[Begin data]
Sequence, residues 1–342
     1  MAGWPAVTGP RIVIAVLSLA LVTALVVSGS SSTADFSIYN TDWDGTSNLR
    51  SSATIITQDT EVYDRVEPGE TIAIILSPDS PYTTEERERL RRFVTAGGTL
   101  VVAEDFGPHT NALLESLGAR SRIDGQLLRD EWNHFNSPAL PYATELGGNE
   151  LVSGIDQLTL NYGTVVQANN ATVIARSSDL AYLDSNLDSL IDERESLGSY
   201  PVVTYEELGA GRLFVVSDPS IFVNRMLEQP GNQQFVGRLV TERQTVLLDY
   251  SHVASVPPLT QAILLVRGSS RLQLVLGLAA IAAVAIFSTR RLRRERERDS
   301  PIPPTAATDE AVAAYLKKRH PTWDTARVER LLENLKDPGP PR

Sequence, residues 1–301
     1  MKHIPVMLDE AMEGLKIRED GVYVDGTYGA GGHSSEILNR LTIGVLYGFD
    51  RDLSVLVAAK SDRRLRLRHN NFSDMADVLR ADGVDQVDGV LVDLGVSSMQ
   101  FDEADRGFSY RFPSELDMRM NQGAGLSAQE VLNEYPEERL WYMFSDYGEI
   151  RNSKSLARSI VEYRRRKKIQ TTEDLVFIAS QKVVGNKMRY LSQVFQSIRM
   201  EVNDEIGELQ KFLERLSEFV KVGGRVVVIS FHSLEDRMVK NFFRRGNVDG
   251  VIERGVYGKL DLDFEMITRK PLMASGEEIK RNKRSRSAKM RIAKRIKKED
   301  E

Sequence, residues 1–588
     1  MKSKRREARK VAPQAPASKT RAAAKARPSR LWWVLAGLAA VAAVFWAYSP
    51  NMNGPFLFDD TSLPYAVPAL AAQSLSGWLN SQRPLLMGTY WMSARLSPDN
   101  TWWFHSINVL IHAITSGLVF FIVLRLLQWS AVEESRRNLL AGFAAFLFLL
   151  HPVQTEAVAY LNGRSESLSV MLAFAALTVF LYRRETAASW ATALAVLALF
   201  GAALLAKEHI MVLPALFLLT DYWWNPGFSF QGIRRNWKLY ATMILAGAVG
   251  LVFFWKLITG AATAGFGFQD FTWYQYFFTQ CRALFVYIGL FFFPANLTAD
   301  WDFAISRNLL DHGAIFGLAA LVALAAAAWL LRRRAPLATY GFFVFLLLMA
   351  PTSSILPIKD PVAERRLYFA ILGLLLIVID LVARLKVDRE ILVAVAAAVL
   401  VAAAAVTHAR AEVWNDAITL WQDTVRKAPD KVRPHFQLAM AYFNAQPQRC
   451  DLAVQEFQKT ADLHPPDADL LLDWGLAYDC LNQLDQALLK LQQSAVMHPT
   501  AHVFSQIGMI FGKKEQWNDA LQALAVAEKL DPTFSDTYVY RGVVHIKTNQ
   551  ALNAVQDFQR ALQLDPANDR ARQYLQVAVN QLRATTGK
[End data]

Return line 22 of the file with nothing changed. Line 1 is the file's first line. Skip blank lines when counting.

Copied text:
   201  GAALLAKEHI MVLPALFLLT DYWWNPGFSF QGIRRNWKLY ATMILAGAVG